It must be time for a folk disco!

I realised wondering around the Green Gathering festival a few years ago that a certain type – shall we say – comes out the crowds to say hello. The place seems to be the refuge of choice for a load of us lot  who were involved in the direct action scene in the 90s. 

Back in those days, we were all trying to smash capitalism by any means necessary. This usually involved setting up sound systems in bizarre places, (Trafalgar Square springs to mind) and having banging parties. A cursory glance around you will demonstrate that we weren’t especially successful (in smashing capitalism, I mean.) Still, we had some great times and a host of very interesting stuff came out if it.

You catch some of it in the campaigns area in the Green Gathering festival itself: activist groups challenging nuclear power, patriarchy, heteronormativity, the class system, racism and a whole host of contemporary and not-so-contemporary ills. Plus musicians still rocking (ahem), vegans still munching lentil burgers, craft folk still being crafty and various other hands-on approaches to dealing with eco-armageddon by learning skills (e.g. blacksmithing) that we seemed to have forgotten. Oh, and lots of solar power.

Basically, it’s the sort of place that would give a Daily Mail reader a hate-induced aneurism, after which they’d swallow a hash cake, chill the fuck out and have a great time.

It was with all this in mind that I hopped on the train to Newport and to the new independent venue Le Pub, managed by the redoubtable Sam, who has created an oasis of independence in small town club-land. She was more than happy to host the evening – a Green Gathering campaigns party, right up her street – with a host of characters from far and wide, newcomers and old hands.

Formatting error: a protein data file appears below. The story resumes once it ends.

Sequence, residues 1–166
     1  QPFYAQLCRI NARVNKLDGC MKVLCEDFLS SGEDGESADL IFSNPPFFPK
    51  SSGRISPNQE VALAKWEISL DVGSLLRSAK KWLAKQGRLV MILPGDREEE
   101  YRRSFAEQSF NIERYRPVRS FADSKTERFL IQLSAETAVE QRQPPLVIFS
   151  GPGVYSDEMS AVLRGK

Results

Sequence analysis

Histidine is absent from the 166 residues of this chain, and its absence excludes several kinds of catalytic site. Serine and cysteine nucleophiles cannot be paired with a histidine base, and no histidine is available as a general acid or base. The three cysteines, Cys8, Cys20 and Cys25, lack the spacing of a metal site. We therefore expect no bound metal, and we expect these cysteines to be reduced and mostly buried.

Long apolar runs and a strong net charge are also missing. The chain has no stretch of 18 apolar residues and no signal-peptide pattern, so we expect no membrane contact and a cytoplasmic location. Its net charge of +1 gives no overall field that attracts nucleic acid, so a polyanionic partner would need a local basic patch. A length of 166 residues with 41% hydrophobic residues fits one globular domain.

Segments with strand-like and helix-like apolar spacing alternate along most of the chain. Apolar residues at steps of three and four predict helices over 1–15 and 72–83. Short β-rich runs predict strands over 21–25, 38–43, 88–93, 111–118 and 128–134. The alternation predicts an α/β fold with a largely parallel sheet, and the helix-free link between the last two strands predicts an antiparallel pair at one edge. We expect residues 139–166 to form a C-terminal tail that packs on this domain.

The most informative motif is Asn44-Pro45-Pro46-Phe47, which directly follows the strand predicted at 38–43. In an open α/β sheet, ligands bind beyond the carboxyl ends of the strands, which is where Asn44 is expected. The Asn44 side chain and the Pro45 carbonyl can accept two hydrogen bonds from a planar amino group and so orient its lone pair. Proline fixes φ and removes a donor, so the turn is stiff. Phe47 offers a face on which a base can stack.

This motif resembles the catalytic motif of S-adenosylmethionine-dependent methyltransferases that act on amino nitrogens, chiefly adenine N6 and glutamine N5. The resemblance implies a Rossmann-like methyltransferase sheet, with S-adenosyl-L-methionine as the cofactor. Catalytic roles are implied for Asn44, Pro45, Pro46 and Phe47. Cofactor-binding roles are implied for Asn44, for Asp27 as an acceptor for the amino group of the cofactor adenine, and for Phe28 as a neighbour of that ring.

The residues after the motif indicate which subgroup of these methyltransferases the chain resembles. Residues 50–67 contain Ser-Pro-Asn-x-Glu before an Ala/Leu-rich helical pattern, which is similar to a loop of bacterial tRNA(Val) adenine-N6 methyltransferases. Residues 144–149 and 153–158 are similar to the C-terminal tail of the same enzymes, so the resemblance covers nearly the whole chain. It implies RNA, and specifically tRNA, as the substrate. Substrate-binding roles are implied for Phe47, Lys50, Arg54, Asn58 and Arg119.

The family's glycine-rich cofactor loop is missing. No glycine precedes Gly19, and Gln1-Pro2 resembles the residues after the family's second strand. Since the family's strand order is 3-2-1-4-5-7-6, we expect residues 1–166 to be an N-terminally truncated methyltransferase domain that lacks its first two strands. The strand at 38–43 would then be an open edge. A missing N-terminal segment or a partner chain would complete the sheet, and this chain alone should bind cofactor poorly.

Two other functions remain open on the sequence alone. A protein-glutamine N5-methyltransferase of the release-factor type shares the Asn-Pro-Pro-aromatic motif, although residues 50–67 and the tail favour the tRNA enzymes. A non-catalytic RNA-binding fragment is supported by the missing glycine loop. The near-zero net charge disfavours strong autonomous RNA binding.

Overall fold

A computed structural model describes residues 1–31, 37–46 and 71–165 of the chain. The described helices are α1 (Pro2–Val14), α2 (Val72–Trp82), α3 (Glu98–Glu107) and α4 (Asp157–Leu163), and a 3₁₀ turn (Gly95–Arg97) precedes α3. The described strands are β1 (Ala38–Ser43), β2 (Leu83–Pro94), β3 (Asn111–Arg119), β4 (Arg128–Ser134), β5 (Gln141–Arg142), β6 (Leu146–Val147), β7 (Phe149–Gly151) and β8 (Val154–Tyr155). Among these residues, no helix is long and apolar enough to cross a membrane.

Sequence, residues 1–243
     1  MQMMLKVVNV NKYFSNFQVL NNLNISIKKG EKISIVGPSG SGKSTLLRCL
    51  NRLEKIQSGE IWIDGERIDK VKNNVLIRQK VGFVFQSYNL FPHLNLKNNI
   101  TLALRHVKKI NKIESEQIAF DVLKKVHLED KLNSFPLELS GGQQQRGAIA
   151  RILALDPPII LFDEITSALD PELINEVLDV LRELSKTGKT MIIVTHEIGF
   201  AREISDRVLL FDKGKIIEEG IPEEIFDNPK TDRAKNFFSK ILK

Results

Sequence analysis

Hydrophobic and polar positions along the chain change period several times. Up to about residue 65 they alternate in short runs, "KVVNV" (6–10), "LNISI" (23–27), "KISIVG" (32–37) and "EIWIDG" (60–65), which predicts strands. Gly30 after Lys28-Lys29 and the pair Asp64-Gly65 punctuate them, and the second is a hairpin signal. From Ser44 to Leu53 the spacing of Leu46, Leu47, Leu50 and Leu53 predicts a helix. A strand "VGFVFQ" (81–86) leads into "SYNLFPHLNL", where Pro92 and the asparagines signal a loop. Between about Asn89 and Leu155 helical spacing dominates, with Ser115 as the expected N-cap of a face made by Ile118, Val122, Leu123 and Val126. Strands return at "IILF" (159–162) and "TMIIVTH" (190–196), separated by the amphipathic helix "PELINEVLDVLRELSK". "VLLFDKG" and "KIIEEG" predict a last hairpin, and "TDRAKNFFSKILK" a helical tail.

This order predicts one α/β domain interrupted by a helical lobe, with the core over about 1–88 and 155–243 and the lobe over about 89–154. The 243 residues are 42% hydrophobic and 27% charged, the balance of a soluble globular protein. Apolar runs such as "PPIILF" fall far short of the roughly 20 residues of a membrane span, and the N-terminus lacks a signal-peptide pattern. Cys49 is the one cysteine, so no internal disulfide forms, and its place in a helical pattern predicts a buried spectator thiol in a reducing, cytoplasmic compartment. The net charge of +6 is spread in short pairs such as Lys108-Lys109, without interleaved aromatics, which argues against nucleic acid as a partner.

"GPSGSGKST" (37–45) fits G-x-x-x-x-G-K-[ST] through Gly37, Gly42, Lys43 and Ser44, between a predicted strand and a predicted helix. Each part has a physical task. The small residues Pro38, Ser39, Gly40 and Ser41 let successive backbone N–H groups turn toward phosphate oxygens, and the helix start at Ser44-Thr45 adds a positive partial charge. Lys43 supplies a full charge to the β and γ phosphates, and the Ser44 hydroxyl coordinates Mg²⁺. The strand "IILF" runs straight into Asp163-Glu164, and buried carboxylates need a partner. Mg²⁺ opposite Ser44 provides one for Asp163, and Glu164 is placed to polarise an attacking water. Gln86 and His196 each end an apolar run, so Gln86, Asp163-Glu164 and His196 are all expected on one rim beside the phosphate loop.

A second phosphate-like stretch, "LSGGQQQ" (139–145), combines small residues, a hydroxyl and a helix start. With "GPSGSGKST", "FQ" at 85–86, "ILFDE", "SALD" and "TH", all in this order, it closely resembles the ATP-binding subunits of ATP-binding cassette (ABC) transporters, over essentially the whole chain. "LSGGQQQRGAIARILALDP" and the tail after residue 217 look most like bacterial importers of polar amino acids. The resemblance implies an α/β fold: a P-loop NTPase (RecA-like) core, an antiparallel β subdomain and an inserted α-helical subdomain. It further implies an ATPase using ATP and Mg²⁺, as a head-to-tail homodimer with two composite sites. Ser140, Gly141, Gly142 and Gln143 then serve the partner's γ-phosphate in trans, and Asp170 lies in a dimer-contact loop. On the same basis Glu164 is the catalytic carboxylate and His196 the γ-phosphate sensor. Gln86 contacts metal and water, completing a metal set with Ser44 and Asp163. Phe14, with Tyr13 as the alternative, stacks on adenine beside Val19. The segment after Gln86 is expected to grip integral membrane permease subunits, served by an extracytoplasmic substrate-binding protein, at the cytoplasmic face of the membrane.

I turned up early enough to catch folk-punk rabble rousers Kilnaboy demonstrate they have a sensitive side by doing a sit-down acoustic set. Ok, that was a cheap jibe…it was actually awesome!  A whole new approach to their sound – and great to see a whole load of people out early for the first act at 7pm.

Cara Means Friend was up next, showing that her innate lyricism and songwriting can stand as much on its own as it does with the Defektors, the band she normally fronts. There followed what appeared to be an extraordinary double act: the Brewer’s Daughter and one half of Eff Off a.k.a Rhi and Frag. Rhi demonstrated a deep level of musical and lyrical intensity, then Frag appeared to play ten songs in ten minutes. (I can’t remember which punk rock luminary said something like: “If you can’t say it in two and a half minutes, don’t bother saying it at all. But Frag, you took it to a whole other level.)

Then a big-nosed lanky streak of piss, a.k.a me (Cosmo) got up and fully sober, beheld a half 8 crowd who were actually more like ten o’clock pissed. And I was sober. Still, I survived. Sort of 😉

By now, everyone was sweaty and wanted a sing-a-long and a dance. This was heartily supplied by Mercurius Rising. Not a still person in the house! And finally, the highlight of the night, where Mel and Magnus from festy-stalwarts Tarantism, got up and did a folk disco!

A what, I hear you say? Well, it is exactly what it says on the tin: disco classics played on acoustic guitar and a flute with a kick drum thrown in for that authentic “doof” sound! If you think February is a dark, dank and miserable month, then the sight of a bar full of hippies and punks strutting and singing along to disco classics will prove that there is no problem so great that you can’t dance it off if you really want to.

A great night out, and with consciousnesses raised too, courtesy of the big stall with campaign info at the back. Just how I like it. Sweaty but satisfied, we all trooped off home. Big shout out to Clint and Lisa Peppermint Iguana and Tom for sorting it all out. When’s the next one, then?!!